Friday, February 11, 2011

The Village (II)

by E. Wong Martin

And just like that, without any need
for laborious introductions, the hands
of time shake the hands—or what
could be considered hands—of the village’s
two escaped livestock, both beauteous
and precious—goats, or are they sheep?
They are too gorgeous to be called goats,
and their sheepish smiles are so lovely
you will not need to drink milk
in the morning. But now, only one
of them relishes this nocturnal
freedom, as if the other is just waiting
for a scapegoat in the farm. One eats
grass, while the other just sniffs it.

The happy sheep quips: I could eat
this grass forever! But the other sheep—
not happy, but not sad either—
does not recognise the words,
despite being the smartest sheep
in the village. The happy sheep,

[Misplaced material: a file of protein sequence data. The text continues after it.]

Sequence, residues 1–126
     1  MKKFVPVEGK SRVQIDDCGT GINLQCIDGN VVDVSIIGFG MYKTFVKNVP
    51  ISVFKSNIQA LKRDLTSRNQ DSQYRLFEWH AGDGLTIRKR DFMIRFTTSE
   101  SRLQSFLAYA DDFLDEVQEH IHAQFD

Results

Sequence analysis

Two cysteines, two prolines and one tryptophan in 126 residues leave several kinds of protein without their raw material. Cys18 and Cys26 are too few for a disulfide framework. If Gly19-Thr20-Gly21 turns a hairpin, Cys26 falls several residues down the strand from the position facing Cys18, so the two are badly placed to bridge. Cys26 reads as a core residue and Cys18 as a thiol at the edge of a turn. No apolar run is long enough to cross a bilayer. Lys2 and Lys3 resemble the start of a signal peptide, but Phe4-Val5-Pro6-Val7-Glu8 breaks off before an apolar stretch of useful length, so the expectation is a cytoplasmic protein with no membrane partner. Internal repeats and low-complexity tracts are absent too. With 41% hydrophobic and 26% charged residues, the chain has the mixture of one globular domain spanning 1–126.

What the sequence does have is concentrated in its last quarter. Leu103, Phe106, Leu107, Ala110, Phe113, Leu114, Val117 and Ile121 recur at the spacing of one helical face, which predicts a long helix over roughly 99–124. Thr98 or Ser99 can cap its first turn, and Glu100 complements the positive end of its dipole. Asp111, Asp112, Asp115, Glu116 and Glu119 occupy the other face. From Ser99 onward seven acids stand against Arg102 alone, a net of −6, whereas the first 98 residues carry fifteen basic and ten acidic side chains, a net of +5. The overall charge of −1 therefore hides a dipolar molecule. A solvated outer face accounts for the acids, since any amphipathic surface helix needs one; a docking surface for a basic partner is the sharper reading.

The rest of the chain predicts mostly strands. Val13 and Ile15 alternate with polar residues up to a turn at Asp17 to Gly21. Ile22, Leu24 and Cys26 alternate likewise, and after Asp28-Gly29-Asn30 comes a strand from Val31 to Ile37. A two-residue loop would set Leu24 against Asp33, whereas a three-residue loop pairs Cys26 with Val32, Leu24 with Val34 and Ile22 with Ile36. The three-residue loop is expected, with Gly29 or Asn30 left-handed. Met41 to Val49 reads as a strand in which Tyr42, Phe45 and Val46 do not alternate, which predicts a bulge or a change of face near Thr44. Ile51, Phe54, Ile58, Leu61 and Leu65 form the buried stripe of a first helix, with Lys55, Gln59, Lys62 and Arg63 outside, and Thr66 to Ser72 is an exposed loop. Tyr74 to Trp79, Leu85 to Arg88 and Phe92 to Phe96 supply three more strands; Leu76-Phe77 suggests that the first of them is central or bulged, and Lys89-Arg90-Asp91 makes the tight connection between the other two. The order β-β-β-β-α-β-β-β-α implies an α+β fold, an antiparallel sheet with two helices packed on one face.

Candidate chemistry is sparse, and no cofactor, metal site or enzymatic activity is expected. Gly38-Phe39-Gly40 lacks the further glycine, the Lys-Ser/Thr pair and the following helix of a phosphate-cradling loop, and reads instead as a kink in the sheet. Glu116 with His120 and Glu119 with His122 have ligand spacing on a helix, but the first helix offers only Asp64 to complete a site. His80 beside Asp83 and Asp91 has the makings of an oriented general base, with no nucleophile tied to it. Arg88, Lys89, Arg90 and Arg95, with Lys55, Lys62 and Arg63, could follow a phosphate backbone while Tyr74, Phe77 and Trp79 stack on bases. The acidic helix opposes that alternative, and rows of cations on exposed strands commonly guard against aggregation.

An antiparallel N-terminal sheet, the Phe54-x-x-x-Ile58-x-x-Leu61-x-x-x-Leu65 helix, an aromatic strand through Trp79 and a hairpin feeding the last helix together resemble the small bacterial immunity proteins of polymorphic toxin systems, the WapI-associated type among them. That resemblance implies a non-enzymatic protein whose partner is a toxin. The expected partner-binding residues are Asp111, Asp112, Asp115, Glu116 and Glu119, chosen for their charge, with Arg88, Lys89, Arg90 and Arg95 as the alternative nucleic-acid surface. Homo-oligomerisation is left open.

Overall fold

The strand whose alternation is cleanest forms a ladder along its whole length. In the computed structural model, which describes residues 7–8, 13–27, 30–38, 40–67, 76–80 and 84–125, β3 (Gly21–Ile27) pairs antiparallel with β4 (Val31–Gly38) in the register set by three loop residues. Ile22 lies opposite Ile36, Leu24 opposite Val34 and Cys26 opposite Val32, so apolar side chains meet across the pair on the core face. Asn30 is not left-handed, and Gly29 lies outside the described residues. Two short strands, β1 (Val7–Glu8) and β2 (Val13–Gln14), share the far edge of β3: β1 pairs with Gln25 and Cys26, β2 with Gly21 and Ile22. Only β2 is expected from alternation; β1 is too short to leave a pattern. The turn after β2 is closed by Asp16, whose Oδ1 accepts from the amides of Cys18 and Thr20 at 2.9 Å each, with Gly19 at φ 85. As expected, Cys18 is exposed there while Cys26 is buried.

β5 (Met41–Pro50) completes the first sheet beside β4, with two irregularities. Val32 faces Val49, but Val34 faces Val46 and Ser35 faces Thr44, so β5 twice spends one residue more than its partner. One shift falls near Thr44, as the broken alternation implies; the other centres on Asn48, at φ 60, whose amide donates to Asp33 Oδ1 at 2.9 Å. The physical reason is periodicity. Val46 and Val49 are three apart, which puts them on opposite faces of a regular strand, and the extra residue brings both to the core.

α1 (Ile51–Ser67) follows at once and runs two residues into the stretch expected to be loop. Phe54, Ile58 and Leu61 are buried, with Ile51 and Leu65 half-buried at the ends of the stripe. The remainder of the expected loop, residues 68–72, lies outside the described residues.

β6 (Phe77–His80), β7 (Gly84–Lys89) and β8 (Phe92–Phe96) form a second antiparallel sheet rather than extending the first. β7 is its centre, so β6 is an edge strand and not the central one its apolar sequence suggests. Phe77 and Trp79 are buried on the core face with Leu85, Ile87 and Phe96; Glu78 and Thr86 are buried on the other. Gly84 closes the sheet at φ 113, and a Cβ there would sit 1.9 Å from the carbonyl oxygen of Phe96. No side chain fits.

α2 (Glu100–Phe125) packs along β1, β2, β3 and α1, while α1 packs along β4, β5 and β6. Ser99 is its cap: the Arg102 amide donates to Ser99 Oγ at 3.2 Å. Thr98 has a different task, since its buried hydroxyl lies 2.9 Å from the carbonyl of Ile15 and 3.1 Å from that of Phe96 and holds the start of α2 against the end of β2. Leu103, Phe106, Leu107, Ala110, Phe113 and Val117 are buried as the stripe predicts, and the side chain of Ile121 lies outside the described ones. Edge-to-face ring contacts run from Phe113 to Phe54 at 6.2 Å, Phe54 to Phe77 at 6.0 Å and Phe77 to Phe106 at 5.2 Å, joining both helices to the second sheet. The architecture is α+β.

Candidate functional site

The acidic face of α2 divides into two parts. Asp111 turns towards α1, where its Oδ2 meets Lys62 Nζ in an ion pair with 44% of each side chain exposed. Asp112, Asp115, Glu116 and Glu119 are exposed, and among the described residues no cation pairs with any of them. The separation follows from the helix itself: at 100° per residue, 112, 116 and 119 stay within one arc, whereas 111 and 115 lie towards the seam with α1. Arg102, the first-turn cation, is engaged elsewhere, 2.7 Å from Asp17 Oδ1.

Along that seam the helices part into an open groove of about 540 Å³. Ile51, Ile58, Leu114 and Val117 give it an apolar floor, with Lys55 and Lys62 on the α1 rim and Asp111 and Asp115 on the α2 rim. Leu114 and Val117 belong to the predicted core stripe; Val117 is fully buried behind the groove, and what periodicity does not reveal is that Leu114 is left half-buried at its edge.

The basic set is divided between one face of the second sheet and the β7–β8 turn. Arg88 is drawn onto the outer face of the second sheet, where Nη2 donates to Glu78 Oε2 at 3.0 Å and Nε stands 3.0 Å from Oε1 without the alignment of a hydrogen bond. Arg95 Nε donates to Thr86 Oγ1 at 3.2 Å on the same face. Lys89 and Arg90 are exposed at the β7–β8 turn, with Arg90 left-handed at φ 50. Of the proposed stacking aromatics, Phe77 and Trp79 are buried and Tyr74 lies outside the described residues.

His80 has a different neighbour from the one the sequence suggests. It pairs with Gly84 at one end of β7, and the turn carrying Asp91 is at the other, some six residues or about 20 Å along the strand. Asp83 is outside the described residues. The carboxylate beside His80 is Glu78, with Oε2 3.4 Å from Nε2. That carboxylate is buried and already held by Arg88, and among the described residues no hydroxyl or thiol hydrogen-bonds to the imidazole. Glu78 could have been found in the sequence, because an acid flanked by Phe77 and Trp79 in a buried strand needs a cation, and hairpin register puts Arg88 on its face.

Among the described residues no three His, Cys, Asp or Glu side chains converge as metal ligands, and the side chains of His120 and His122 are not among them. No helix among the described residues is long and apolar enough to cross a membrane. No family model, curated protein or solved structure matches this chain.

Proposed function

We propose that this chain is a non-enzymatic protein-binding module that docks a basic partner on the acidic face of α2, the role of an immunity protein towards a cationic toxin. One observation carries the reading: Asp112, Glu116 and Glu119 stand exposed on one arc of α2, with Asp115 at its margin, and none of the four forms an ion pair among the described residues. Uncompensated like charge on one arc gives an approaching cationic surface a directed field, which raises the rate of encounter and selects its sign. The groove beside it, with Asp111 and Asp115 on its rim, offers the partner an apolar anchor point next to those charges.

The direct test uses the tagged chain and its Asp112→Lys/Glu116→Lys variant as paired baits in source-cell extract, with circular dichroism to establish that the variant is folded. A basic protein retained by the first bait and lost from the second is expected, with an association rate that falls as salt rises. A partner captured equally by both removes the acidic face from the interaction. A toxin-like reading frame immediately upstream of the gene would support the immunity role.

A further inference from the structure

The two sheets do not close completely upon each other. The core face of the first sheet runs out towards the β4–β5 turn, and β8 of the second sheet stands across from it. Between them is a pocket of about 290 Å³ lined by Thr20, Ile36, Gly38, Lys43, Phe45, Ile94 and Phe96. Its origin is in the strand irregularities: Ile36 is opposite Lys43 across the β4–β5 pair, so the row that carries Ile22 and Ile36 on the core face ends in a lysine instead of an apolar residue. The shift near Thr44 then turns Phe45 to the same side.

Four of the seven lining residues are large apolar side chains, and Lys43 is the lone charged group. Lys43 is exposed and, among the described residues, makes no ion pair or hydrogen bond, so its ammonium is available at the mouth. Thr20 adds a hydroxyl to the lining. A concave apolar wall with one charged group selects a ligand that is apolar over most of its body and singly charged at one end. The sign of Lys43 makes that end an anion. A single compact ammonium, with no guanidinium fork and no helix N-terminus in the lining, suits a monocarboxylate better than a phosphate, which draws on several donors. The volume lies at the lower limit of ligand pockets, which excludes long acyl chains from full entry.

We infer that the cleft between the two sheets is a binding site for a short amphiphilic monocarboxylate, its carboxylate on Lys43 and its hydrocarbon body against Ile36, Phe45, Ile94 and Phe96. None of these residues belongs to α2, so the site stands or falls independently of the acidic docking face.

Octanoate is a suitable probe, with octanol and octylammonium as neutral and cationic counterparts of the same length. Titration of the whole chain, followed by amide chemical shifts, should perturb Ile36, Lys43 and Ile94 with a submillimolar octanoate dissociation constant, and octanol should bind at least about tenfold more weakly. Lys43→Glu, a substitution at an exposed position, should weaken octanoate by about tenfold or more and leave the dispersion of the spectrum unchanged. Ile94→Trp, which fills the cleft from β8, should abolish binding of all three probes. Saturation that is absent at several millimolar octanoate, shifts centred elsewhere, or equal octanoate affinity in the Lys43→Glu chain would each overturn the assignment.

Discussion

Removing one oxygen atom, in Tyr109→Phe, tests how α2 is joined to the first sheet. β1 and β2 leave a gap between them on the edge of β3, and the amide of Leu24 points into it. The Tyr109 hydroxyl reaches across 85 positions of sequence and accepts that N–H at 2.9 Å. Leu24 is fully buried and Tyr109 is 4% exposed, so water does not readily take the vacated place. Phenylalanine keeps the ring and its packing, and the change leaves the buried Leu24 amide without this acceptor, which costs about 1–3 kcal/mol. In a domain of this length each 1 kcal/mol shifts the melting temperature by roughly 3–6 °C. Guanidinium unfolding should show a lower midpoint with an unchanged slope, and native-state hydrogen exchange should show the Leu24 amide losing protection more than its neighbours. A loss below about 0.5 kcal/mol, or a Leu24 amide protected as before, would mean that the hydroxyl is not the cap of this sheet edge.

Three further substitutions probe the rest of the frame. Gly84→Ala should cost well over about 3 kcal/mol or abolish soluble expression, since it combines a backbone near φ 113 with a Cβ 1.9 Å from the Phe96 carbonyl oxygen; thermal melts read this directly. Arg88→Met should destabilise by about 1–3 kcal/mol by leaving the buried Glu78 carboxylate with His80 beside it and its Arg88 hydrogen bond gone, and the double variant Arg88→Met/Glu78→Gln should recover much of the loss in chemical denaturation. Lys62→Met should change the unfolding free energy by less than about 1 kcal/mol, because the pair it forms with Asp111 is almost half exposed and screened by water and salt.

despite not being the smartest,
is not stupid either. So he stops
chewing and lays himself beside
the other. The sky is too starry

for them to worry about snoring,
but the happy one knows this much:
when dawn breaks, the lamb
of some god will take away
the sins of the village, and only one
of them furry fugitives will be
pardoned. So while the night
is young and their flesh warm,
the happy sheep gets up slowly,
stares at his partner in crime,
and before running off, he licks
the other’s cheek and says:
this is the taste of sweet grass.

Artwork: "Two Sheep Under a Mountain" (1988, Thorfinnur Sigurgeirsson)
Read also: "The Village"

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